By Randall Friedland

California Attorney General Kamala D. Harris yesterday released the second annual California Data Breach Report.   The report provided statistics and analysis related to data breaches that were reported to the Attorney General’s office in 2013.  The report also outlined suggested best practices and provided recommendations on ways to improve data security.


The report documented a clear upward trend in both the number of data breaches and those affected by such breaches.  For instance, in 2013, there were 167 data breaches reported in California, which is an increase of over 28 percent from the 131 data breaches reported in 2012.  Additionally, the records containing personal information of over 18.5 million California residents were compromised in 2013—a 600 percent increase from the previous year.  Even if the two largest data breaches involving retailers were excluded from this calculation, California still experienced a 35 percent increase in the number of records affected by data breaches. 

The report also provided statistics related to the causes of the breaches.  Of the breaches reported, 53 percent of them were caused by computer intrusions  (malware and hacking).  The remaining data breaches were the result of “physical loss or theft of laptops or other devices containing unencrypted personal information (26 percent), unintentional error (18 percent) and intentional misuse by insiders (four percent).”  The report also noted that “the majority of breaches in the health care sector (70 percent) were caused by lost or stolen hardware or portable media containing unencrypted data,” a stark contrast to the “19 percent of such breaches in other sectors.”

Data breach activity has only increased in 2014.  In an interview surrounding the release of the report, Attorney General Harris stated that in the first ten months of 2014, the number of data breaches had spiked 30 percent from last year.  She noted that the rise can partially be attributed to the fact that “we are increasingly adopting technology that is putting our data in systems that are ripe for penetration.”

Best Practices and Recommendations

The report also contained various best practices and recommendations on how to slow the upward trend and decrease the number of data breaches.  The recommendations were particularly geared towards retailers, financial institutions, the health care sector, and the state legislature.  The following is a list of those recommendations:

All Industries

  • “Organizations should conduct risk assessments at least annually and update privacy and security practices based on the findings.”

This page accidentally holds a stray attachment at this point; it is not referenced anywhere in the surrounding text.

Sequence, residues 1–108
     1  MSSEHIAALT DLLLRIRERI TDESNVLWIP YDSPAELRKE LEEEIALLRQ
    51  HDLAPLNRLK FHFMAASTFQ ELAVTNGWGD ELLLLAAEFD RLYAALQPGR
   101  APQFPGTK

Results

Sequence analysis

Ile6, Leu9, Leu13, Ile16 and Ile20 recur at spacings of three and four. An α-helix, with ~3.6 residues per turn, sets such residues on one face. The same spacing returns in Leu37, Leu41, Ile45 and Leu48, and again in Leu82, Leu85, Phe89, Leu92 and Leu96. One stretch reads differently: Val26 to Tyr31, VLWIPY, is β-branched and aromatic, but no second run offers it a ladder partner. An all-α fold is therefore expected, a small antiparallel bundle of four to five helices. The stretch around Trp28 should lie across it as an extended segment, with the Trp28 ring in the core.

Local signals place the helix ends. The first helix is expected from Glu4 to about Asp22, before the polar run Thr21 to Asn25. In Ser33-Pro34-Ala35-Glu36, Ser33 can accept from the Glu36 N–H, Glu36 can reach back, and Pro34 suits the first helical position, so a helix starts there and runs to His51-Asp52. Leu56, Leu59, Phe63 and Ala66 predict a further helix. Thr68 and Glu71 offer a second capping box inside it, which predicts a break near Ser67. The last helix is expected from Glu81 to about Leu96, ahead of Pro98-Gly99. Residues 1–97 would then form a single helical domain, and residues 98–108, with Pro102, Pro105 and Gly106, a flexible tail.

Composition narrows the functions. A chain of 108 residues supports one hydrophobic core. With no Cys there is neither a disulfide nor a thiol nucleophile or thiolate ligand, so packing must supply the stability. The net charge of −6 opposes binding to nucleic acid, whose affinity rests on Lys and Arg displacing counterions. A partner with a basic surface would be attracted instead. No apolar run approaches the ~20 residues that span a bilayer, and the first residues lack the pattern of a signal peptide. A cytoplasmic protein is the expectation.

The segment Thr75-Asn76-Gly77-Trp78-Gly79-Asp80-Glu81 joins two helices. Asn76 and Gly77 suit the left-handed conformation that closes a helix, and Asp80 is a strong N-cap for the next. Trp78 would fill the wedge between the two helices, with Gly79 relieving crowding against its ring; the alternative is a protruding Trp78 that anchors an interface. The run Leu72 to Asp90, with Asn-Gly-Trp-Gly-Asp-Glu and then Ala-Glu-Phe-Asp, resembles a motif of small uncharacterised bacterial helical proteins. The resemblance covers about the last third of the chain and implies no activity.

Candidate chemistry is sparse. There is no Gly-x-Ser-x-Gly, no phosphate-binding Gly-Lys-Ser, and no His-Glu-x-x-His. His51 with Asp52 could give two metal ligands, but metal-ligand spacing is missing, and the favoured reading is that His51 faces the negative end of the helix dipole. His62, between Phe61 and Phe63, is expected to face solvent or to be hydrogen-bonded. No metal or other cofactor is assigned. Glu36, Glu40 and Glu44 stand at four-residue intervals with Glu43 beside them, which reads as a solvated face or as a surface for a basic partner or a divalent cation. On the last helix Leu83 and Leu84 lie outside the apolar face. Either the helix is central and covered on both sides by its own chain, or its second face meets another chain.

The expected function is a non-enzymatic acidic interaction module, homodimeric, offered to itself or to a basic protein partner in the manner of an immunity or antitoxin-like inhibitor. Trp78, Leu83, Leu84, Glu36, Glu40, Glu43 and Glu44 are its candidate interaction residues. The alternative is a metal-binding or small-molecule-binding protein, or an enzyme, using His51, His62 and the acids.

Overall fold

• “Organizations should use strong encryption to protect personal information in transit.”
  • “Organizations should improve the readability of their breach notices.”


  • “California retailers should move promptly to update their point-of-sale terminals so that they are chip-enabled and should install the software needed to operate this technology.”
  • “California retailers should implement appropriate encryption solutions to devalue payment card data, including encrypting the data from the point of capture until completion of transaction authorization.”
  • “California retailers should implement appropriate tokenization solutions to devalue payment card data, including in online and mobile transactions.”
  • “California retailers should respond promptly to their data breaches and should notify affected individuals in the most expedient time possible, without unreasonable delay.”
  • “California retailers should improve their substitute notices regarding payment card data breaches.”

Retailers and Financial Institutions

  • “California retailers and financial institutions should work together to protect debit cardholders in retailer breaches of unencrypted payment card data.”

Health Care Sector

  • “The health care sector should consistently use strong encryption to protect medical information on laptops and other portable devices, and should consider it for desktop computers.”

Legislative Recommendations

  • “Consider legislation to amend the breach notice law to strengthen substitute notice procedure, clarify the roles and responsibilities of data owners and data maintainers and require a final breach report to the Attorney General.”
  • “Consider legislation to provide funding to support system upgrades for small California retailers.”